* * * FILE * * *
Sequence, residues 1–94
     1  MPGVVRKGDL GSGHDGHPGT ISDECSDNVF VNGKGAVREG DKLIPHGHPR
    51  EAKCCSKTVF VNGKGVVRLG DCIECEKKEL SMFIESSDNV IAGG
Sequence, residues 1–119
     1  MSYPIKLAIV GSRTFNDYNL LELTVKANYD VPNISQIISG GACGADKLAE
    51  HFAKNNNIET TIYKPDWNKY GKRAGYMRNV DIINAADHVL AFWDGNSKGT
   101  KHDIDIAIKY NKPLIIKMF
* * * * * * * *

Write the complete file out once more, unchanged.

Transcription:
Sequence, residues 1–94
     1  MPGVVRKGDL GSGHDGHPGT ISDECSDNVF VNGKGAVREG DKLIPHGHPR
    51  EAKCCSKTVF VNGKGVVRLG DCIECEKKEL SMFIESSDNV IAGG
Sequence, residues 1–119
     1  MSYPIKLAIV GSRTFNDYNL LELTVKANYD VPNISQIISG GACGADKLAE
    51  HFAKNNNIET TIYKPDWNKY GKRAGYMRNV DIINAADHVL AFWDGNSKGT
   101  KHDIDIAIKY NKPLIIKMF